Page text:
Touch of Welles 


A film buff cannot watch the opening sequence of Spectre without thinking of the similar long take that opens Orson Welles’ 1958 film noir Touch of Evil. In fact, both scenes take place in Mexico and feature similar camera movements. As a story of corruption and the best of intentions gone terribly wrong, some of the themes of Touch of Evil are reflected in the plot of Spectre. By including a similar sequence, at least part of audience was likely to begin to make this connection.

Finally, the long take services Spectre’s plot. While Spectre features slow pacing (for a Bond film), it is an unrelenting ride as the plot slowly unfolds. This opening long take reflects this same unrelenting pace and gradually unfolding drama. The opening shot of the film puts the audience in the right mindset to enjoy the rest of the film.


"The Dead Are Alive"


Aside from the nature of this apparent long take, the content of this scene brilliantly foreshadows the major themes of the film. The scene begins with the ominous words, “the dead are alive.” Obviously, this is in reference to The Day of the Dead but, on a deeper level, Spectre is a film about the dead influencing the living. The plot is launched by the last request of Bond’s deceased commanding officer, “M.” On another, deeper level, the villain of the film is Ernst Blofeld, Bond’s supposedly deceased childhood friend. In a significant fashion, the dead are the alive-and-kicking catalysts of the plot.

Bond Unmasked 


The opening shot also features a masked cast. While this was a technical move to simplify the digital post-production of this scene, this too mirrors the plot of Spectre. Spectre is a film about disguises. No one is who they seem to be on the outside. No one can be trusted. Everyone has ulterior motives. In a very real sense, the entire cast of characters are masked.

This film is also about unmasking Bond. Bond is stripped of his safety net provided my M-16 and forced to go rogue. His mask of the righteous secret agent in His Magesty’s Secret Service is also removed by the unusually competent Bond-girl, Dr. Madeline Swann. In one powerful scene set on a train (reminding me of a similar dinner in North by Northwest), Swann asks Bond, “Why, given every other possible option, does a man choose the life of a paid assassin?” He answers, “Well, it was that or the priesthood.” However, she won’t let him retain his mask of secrecy:

Swann: I'm serious. Is this really what you want? Living in the shadows? Hunting? Being hunted? Always looking behind you? Always alone?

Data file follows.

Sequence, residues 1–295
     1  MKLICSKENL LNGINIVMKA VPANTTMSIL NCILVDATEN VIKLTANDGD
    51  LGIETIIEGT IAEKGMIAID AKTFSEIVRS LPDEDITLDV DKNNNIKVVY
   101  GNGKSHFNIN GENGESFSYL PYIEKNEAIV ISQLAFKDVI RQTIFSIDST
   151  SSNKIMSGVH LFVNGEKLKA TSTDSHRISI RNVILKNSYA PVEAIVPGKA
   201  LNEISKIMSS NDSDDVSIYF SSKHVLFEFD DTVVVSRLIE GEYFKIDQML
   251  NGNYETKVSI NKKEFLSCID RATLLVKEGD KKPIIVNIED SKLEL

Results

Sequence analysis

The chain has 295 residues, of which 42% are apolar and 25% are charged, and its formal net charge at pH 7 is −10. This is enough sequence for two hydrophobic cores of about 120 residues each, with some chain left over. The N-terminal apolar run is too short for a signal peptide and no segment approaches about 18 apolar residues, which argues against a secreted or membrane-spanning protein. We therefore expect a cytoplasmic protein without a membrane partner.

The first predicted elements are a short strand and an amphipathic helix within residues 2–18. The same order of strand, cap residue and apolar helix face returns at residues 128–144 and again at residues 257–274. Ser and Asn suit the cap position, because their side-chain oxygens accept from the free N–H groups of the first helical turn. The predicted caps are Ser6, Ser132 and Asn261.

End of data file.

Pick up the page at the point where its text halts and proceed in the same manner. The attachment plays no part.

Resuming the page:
Bond: But I'm not alone.
Swann: Answer the question.
Bond: I'm not sure I ever had a choice. Anyway, I don't stop to think about it.
Swann: What would happen if you did?
Bond: Stop?

Swann: Yes.

Bond: I don't know.

Swann: You know, I think you're wrong…. We always have a choice.
Bond: I’ll drink to that.

This is my favorite scene in the film. In this short dialogue, Bond is stripped on his swagger and charm. He is removed from his disguise of the strong secret agent, always one step ahead of his enemies. In this short moment, James Bond is brought to the understanding that he doesn’t honestly know why he’s doing what he’s doing. In this moment, Bond is unmasked by a woman.

This is where I believe the strength of Spectre lies. Spectre is a life-changing moment for James Bond. Stripped of the support of M-16 on a rogue mission that will ultimately lead him face-to-face with his past, Bond realizes that he has a choice. He doesn’t have to keep hiding behind his mask. At the end of the film, I truly believed that Bond was different when he chose to spare Blofeld’s life, retire, and drive off into the sunset with Dr. Swann in his beautiful Aston Martin DB5.

Conclusion



Spectre features the tropes of the Bond genre, a car chase, a spy mission, a bunch of cool gadgets, funny single-letter codenames, beautiful women, Vodka martinis (shaken, not stirred), and big explosions. However, Spectre is a far deeper film. It is a film about choices, pulling on the groundwork laid by directors Hitchcock and Welles. The opening scene helps prepare the audience for this film and reflects that themes that undergird it. Spectre shakes up with Bond tropes in interesting, original ways. Perhaps this makes Spectre is a poor James Bond film but I believe that it is a better movie because of it. Spectre may be Bond, shaken, not stirred.